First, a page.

Annual Ryegrass is appearing in many
new lawns this spring
Glenn Hardebeck, Turfgrass Research Agronomist, Department
of Agronomy, Purdue University
There have been quite a few samples sent to
the P&PDL this
spring from individuals complaining of a wide bladed, weedy grass “invading
my new lawn”. When there is an undesirable grass mixed
throughout a turf stand, it’s very important to correctly
identify the weedy grass species to determine whether it is an
annual or a perennial. If the problem is a perennial grass,
there are very limited control options available. For most
perennial weedy grasses in cool-season turfgrass stands, non-selective
control of everything or mechanically removing each perennial grassy
weed are the only alternatives. Fortunately most of the “invaders” this
spring on lawns seeded last fall have been annual ryegrass due
to a mild winter.
Annual ryegrass is often found in lower quality
seed mixes. It
was originally thought to be a good “nurse crop” because
of its rapid establishment. Unfortunately, it is very coarse
textured and tends to grow faster than the desirable turf. So,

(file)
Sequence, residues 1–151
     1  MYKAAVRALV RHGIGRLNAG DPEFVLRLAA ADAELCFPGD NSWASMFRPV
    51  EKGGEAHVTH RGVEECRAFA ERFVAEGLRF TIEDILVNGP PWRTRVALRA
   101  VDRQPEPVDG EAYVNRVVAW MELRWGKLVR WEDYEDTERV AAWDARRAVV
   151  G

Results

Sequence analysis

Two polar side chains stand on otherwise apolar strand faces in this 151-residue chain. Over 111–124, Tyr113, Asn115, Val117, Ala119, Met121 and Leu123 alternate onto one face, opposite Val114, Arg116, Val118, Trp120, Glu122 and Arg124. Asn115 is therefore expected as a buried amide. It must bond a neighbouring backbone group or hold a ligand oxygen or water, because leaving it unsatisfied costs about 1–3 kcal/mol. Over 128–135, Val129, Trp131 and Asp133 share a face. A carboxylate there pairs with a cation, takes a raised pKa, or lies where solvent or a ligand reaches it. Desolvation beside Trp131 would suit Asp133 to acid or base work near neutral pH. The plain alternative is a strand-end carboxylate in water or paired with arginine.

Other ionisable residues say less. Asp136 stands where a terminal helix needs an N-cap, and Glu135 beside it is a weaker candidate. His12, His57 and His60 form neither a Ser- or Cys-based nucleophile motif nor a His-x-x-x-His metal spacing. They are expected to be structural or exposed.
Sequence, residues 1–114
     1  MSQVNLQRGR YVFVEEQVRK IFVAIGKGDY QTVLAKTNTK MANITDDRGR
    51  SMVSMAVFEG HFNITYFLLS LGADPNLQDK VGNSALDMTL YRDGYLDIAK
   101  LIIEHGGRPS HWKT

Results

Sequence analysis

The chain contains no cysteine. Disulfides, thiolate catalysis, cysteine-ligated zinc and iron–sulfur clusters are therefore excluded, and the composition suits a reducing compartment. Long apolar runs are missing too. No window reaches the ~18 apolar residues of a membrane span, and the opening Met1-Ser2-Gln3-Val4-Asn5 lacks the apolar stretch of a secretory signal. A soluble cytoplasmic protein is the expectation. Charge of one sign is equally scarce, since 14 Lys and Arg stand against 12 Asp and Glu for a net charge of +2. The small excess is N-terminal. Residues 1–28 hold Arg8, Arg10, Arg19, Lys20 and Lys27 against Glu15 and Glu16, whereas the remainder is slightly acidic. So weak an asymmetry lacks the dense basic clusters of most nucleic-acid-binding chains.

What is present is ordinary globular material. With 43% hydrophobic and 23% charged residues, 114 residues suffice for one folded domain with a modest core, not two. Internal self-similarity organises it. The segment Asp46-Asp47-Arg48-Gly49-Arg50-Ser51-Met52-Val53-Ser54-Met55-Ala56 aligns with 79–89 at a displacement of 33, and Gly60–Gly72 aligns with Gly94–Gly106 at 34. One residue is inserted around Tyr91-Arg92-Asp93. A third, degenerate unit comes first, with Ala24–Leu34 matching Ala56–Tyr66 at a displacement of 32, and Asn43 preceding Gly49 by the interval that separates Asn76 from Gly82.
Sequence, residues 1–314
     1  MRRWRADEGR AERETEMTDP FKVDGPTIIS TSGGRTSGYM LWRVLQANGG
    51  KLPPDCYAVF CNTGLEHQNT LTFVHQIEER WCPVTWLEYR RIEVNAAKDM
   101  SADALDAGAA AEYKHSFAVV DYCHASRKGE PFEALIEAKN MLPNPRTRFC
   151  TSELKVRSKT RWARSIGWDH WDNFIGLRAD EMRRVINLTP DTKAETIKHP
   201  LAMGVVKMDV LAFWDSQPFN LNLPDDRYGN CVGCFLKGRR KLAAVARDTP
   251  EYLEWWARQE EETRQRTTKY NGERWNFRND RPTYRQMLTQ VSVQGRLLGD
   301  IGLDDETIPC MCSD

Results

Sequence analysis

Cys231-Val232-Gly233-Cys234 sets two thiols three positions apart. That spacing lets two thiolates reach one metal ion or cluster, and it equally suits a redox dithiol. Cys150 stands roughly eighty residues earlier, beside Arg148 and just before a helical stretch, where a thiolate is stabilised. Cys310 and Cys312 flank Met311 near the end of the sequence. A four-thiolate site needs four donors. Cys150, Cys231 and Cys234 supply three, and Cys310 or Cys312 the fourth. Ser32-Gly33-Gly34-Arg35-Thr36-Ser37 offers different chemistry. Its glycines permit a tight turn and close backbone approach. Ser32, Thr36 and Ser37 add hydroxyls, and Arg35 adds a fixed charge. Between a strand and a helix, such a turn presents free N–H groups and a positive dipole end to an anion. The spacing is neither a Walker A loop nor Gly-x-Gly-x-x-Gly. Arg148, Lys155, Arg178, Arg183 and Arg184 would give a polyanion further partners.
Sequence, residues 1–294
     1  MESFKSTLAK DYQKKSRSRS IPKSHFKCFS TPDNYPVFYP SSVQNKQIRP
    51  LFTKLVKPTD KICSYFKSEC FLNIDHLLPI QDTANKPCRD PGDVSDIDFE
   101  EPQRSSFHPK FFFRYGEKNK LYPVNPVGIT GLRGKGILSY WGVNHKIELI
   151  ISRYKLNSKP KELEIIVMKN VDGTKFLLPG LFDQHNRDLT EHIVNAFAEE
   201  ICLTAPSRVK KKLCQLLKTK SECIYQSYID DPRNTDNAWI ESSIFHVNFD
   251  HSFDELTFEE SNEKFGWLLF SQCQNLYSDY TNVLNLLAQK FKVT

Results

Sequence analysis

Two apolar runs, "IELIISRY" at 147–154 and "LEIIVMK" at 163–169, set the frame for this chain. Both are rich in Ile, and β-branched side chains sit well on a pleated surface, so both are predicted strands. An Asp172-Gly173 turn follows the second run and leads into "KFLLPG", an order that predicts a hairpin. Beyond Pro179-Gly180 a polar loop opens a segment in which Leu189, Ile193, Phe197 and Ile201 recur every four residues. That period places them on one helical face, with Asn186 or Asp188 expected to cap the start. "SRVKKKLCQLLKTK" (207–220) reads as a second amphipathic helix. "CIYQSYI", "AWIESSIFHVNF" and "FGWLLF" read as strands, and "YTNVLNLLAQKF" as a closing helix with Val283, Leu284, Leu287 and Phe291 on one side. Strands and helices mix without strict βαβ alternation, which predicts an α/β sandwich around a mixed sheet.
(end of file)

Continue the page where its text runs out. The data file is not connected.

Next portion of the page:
the wide blades shoot up rather quickly between mowings, adding
to the poor uniformity of the turf stand. All this would
be tolerable, in most circumstances, if annual ryegrass would hold
true to its name and die off rather than persisting in newly seeded
or overseeded lawns.
Harsh winters or hot summers are required to
push annual ryegrass out of the turf stand. Until the weather removes the annual
ryegrass, the turf area may require additional mowing to help reduce
the poor uniformity caused by this quick growing, wide-bladed weed. The
best form of control is to avoid seed mixes containing annual ryegrass.
Click image to enlarge
Annual Ryegrass is coarse textured and normally light green.
Each group of seeds are close to the seed stalk branching alternately.
Annual Ryegrass has clasping auricles. Where the leaf meets
the stem, there are claw-like parts that wrap around to the opposite
side of the stem.